Gluten-free bread sticks with pesto mayonnaise

pesto mayonnaiseIts New Years Eve! One of my favourite things to do on New Years Eve is to eat lots and lots of appetizers. And one of my favourite appetizers are bread sticks. As I am new to the gluten-free world, I just had to go hunting for a wonderful bread stick recipe that I could make for tonight. After going searching about the web and through the few books I purchased, I decided to make sticks similar to the ones pictured in the coloured photograph section of the “Complete Gluten-Free Cookbook” by Washburn & Butt.

I use the term similar because I can never leave well enough alone. I must change recipes. Its a compulsion I have. I’m sure that these two wonderful authors spent huge amounts of time perfecting their recipe, but meh, I still have to much about. So, the recipe below is the result of my mucking. The two recipes are similar, but there are enough differences that my recipe would yield bread with a slightly different flavour than the published version. Plus I blew up my hand mixer last week (I destroy at least one a year), so I have to blend by hand until the new one comes in the mail in the new year. I’m not standing by the kitchen sink and blending my bread by hand for 10-15 minutes, or whatever the equivalent to 4 minutes by hand mixer would have been. I’m far too lazy. Finally, I used a smaller pan because I wanted my bread sticks to be thicker and chewier.

The result of my experiment is that I absolutely adored this recipe. The bread sticks are light with a wonderfully chewy centre and a nice crisp exterior. The sesame seeds add body and depth to the whole stick. I honestly couldn’t imagine this recipe without the sesame seeds.But what did I want to go with the bread sticks?

Well, in October I still was unaware of my body’s dislike for gluten so my friend and I ordered bread sticks and dippers from a fancy restaurant. One of the dips that came with the bread sticks was pesto mayonnaise. I fell in love instantly! I wanted to make this dip before but I just never got around to doing so until now. I’m sure glad that I did, because this recipe is just wonderful! I simply added gluten-free mayo to my pesto recipe (also included below) and voila! It was so simple! You can also just mix store bought pesto and mayonnaise together at a ratio of 1 part pesto to 2 part mayonnaise. If its too strong for your taste buds, dilute the pesto with more mayonnaise until you are satisfied with the results.

TURTLE TASTE TEST RATING: 9 out of 10 shells

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Crazy Orange Turtle’s gluten free BBQ sauce recipe

gluten free bbq sauce

Today both myself and my other half had a craving for sloppy joes. These are a once or twice a year treat in my house, and they are always made with super lean turkey or chicken, not ground beef. The problem: I need a gluten free BBQ sauce to make my sandwiches. have never enjoyed the canned sloppy joe sauce, and always made my own BBQ type sauce for the dish. The problem was that my recipe contained not one, not two, but three gluten containing ingredients! I needed a new recipe fast. I have only just begun my gluten free journey, and the few books I bought about gluten free diets didn’t contain a recipe for anything remotely similar to a BBQ sauce. So, I winged it. It was the best sloppy joe sauce ever! I served my better half the sloppy joe on a homemade roll , but I had mine without bread. Not because I couldn’t make my own gluten free roll, but because I really wasn’t hungry enough for all of those carbohydrates. I am definitely going to be making this recipe to top chicken, steak, ribs and anything else that I might like to put BBQ sauce on in the future. Very good, but the recipe is technically a little ordinary — its very good but nothing fancy! So it can’t be a perfect 10. As you are aware, 10 is reserved for the spectacular recipes — or chocolate.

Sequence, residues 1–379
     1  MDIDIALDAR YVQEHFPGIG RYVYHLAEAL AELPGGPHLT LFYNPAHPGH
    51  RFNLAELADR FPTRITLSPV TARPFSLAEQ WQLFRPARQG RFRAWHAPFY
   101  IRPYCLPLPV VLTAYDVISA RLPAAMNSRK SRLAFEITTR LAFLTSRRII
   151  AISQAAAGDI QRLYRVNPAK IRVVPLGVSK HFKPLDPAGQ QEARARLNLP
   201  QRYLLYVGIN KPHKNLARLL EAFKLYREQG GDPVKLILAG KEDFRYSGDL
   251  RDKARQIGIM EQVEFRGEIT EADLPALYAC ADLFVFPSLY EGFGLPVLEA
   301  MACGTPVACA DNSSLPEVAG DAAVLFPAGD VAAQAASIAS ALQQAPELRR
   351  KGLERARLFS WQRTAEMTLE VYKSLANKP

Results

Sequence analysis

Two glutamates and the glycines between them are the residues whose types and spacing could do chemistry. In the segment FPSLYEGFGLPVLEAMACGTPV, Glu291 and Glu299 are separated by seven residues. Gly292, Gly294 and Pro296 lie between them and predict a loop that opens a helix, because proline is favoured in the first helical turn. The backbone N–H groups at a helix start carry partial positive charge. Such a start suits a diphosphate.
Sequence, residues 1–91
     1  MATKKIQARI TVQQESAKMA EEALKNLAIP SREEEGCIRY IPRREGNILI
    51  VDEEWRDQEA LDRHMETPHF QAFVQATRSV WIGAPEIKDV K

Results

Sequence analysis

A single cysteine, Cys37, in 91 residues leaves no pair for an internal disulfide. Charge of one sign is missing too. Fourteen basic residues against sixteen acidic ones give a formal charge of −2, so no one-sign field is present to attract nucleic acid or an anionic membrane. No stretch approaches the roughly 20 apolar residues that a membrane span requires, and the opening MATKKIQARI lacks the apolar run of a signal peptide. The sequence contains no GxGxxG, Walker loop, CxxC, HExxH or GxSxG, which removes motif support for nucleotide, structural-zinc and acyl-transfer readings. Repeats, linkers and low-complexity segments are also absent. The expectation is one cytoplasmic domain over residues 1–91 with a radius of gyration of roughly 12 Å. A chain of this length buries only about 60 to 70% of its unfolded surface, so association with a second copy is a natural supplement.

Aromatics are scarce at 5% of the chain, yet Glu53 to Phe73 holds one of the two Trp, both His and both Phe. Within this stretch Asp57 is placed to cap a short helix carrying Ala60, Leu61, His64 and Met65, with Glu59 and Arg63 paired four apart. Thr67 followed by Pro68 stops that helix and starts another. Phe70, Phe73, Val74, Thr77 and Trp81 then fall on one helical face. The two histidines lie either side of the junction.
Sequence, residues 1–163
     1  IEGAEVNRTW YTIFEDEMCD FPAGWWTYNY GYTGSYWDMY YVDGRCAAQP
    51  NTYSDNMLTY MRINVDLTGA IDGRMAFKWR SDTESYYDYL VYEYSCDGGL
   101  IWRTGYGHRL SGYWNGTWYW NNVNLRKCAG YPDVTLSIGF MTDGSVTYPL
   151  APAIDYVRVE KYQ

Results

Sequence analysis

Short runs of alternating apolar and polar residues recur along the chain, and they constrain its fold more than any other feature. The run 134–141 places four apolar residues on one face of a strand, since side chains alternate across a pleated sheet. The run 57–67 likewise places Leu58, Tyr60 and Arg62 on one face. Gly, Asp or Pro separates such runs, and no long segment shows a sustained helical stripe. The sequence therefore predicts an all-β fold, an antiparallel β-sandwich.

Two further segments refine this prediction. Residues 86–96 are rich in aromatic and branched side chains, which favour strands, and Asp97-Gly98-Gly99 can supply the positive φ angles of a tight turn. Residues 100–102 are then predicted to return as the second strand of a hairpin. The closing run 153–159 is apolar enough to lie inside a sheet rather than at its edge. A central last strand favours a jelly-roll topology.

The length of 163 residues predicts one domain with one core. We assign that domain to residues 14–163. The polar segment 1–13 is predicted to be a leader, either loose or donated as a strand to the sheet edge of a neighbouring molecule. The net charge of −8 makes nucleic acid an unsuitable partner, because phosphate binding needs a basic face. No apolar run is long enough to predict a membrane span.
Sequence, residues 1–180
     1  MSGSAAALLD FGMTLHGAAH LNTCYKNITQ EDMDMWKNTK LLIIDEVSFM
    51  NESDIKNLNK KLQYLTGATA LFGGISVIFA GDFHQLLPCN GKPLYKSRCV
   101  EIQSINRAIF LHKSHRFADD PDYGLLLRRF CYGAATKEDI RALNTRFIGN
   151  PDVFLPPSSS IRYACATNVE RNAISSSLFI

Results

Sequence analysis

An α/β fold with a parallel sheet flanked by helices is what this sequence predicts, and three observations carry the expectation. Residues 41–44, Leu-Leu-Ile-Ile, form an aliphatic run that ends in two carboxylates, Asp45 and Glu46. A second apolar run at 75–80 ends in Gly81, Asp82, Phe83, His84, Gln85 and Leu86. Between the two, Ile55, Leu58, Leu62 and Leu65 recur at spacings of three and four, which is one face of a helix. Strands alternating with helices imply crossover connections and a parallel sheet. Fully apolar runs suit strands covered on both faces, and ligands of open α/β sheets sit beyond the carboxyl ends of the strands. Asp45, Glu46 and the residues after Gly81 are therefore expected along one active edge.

TURTLE TASTE TEST RATING: 8 out of 10 shells

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Low-Gluten Multigrain Bread

low gluten bread crumb

This low-gluten, kneed free, high-fibre bread is moist, light and very tasty. My favourite feature of this bread is the inclusion of flax seeds, which I simply love for the fibre and Omega fatty acid content. In addition, it is made with the flour of the gluten free ancient grains amaranth and quinoa as well as spelt flour, a low in gluten, but not gluten free variety of wheat. Everyone in the family can eat and enjoy this extremely healthy bread. It is ideal for people, like myself, with a mild form of celiac who are still able to eat spelt. If you know somebody with celiac and you are not sure if they are able to tolerate the low gluten content in spelt flour, do not use spelt in this recipe! The flour of the gluten-free grains sorghum or teff can be used instead of spelt with little or no change in bread quality.

TURTLE TASTE TEST RATING: 8 out of 10 shells

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